David Hunter was the producer who marshalled my dramatisations of two Resnick novels onto the airwaves, Wasted Years in 1995 and Cutting Edge in 1996, each in several parts. Slow Burn followed these in 1998 and my original radio script became a short story, which was first published a year later in the collection, Now’s the Time, by my own small press, Slow Dancer, that collection being reprinted, in an enlarged edition, by William Heinemann in 2002 and in 2013 the Arrow paperback below.

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There has only been one representation of Resnick on screen [so far – hope springs eternal et cetera] that by Tom Wilkinson in two television adaptations – Lonely Hearts & Rough Treatment, produced by Colin Rogers for Deco Films and TV and the BBC, and shown in 1992 and 1993 respectively. Tom reprised the role in the first of the radio versions mentioned above [Wasted Years in ’95], after which Hollywood beckoned and Resnick was personified first by Tom Georgson in Cutting Edge, then Philip Jackson in Slow Burn, and, finally, Keith Barron, in two other dramatised short stories, Cheryl (2001) and Bird of Paradise (2002).

Keith Barron, who sadly died just yesterday, November 15th, was the reader of two abridged versions of the novels Cold Light and Living  Proof, released by Reed Audio in 1995, and Philip Jackson the reader in the excellent ten-part version of Wasted Years, adroitly abridged and directed by Gordon House for BBC Radio 4 and since repeated on a number of occasions.

Most recently, Resnick was brought to the stage by David Fleeshman in the Nottingham Playhouse/New Perspectives production of Darkness, Darkness, directed by Jack McNamara. That’s David, outside the Playhouse, immediately below, and, with Simone Saunders as Catherine Njoroge, in a scene from the play.

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And here’s Tom Wilkinson in Resnick guise, first in a BBC publicity shot and below on the jacket of the French edition of Lonely Hearts, Coeurs Solitaires.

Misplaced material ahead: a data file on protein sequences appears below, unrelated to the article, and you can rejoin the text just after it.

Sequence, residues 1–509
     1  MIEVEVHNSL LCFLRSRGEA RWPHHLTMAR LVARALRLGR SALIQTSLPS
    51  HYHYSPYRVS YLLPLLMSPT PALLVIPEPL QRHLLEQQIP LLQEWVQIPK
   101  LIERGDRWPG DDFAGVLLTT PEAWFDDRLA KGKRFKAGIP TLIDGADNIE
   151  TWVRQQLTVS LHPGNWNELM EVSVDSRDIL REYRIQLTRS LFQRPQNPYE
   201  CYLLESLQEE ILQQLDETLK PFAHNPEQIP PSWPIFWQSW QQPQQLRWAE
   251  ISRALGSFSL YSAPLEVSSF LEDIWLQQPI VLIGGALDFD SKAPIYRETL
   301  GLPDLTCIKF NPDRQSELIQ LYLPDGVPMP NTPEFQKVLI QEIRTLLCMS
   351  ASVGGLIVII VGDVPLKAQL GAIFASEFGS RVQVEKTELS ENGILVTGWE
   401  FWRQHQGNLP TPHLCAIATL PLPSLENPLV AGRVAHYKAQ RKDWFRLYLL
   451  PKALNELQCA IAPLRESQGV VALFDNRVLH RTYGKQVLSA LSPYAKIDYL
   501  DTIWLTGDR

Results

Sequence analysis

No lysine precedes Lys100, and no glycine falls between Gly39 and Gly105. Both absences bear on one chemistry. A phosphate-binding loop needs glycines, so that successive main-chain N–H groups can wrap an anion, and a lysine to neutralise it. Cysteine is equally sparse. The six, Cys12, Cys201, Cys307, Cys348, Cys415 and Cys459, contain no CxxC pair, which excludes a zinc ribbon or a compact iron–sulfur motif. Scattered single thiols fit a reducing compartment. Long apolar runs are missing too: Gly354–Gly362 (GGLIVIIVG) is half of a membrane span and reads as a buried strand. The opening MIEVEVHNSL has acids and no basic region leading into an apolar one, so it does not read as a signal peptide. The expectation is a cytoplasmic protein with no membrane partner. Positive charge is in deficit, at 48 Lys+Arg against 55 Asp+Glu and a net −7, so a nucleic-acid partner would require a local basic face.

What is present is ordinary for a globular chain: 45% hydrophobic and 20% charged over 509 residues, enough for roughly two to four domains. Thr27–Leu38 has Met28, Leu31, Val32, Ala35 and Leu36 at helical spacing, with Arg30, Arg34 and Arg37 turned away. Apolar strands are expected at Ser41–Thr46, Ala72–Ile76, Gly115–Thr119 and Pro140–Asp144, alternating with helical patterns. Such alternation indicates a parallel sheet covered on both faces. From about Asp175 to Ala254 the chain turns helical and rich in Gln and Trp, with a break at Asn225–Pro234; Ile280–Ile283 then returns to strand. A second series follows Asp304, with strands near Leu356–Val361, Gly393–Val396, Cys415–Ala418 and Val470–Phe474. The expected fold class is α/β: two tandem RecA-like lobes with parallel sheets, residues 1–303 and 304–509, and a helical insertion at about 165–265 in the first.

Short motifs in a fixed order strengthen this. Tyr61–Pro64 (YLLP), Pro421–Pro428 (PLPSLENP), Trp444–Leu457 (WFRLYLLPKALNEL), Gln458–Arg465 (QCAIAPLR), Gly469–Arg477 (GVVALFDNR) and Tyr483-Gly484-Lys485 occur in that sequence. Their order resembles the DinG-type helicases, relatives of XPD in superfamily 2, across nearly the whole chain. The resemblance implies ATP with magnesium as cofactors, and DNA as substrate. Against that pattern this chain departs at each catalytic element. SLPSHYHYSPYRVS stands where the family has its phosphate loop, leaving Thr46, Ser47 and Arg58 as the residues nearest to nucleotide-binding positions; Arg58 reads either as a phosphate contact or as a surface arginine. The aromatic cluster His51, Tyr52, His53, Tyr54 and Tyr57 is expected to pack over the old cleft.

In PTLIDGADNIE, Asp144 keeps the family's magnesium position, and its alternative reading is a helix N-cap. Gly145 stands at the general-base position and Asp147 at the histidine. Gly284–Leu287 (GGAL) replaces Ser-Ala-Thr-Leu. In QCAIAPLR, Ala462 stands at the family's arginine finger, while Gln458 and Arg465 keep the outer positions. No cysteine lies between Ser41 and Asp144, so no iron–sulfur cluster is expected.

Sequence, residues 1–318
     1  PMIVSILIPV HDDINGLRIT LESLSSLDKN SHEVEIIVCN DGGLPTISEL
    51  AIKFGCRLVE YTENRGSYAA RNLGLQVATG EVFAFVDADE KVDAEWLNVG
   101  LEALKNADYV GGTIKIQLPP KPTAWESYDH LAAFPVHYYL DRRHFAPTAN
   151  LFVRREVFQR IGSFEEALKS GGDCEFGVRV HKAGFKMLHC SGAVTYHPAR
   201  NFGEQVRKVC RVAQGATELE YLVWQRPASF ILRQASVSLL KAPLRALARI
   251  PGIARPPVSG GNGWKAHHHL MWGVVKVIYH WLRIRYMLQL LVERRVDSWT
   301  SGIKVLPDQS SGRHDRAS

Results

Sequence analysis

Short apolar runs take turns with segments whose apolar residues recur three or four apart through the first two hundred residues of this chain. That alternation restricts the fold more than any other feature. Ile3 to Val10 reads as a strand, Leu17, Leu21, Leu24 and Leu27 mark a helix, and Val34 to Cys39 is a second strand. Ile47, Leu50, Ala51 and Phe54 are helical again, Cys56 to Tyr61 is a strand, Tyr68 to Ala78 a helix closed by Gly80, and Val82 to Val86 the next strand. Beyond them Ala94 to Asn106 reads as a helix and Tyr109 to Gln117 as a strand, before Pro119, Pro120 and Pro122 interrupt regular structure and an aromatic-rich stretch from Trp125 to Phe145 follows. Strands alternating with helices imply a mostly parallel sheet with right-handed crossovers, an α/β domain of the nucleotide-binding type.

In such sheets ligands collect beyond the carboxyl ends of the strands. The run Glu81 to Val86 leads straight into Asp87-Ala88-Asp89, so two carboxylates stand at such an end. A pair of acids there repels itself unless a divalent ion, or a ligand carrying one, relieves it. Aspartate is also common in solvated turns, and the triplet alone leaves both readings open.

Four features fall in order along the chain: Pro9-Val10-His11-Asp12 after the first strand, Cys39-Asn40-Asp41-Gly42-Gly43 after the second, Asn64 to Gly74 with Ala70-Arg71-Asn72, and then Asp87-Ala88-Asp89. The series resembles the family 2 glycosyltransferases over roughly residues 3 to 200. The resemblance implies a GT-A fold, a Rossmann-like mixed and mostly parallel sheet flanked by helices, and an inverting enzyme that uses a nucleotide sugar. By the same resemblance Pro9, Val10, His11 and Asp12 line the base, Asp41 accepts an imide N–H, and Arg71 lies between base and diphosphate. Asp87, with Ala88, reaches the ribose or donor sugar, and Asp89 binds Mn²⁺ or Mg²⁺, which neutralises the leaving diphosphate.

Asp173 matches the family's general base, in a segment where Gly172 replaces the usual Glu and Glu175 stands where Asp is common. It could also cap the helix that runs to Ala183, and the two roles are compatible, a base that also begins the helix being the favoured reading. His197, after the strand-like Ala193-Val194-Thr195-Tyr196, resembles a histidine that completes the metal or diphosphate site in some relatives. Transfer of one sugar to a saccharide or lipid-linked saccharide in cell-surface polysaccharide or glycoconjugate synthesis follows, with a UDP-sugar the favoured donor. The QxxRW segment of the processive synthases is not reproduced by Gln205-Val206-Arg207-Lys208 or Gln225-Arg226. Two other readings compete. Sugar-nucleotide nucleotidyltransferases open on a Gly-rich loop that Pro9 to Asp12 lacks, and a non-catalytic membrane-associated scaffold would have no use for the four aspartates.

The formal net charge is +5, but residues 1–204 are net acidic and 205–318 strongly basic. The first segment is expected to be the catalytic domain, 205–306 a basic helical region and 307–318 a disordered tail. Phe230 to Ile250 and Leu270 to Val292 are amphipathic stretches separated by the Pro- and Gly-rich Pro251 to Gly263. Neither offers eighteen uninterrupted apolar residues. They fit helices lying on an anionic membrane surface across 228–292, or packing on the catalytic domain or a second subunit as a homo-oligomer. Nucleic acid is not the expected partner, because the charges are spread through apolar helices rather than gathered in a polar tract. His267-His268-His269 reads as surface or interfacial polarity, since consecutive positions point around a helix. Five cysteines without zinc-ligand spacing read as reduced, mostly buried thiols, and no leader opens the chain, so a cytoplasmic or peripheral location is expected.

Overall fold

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Last Dozen Films I Saw …

  1. Graduation : Cristian Mungiu (2016)
  2. I Am Not Your Negro : Raoul Peck (2016)
  3. A Quiet Passion : Terence Davies (2017)
  4. Clash : Mohamed Diab (2016)
  5. Bunch of Kunst : Christine Frantz (2016)
  6. You Have No Idea How Much I Love You : Pawel Lozinski (2017)
  7. Their Finest : Lone Sherfig (2016)
  8. The Levelling : Hope Dickson Leach (2016)
  9. The Spy Who Came in From the Cold : Martin Ritt (1965)
  10. A Place in the Sun : George Stevens (1951)
  11. The Other Side of Hope : Aki Kaurismaki (2017)
  12. Beyond the Hills : Cristian Mungiu (2012)

 

Last Dozen Films I Saw

 

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Blood on the Moon : Robert Wise (1948)
To Have & Have Not : Howard Hawks (1944)
Manchester by the Sea : Kenneth Lonergan (2016)
Red Road : Andrea Arnold (2006)
Parisienne (Peur de Rien): Danielle Arbid (2016)
Cinema Paradiso : Giuseppe Tornatore (1988)
Jackie : Pablo Larrain (2016)
Toni Erdmann : Maren Ade (2016)
Thumbsucker : Mike Mills (2005)
Portrait : Sergei Loznitsa (2002)
Twentieth Century Woman : Mike Mills (2016)
Old Joy : Kelly Reichardt (2006)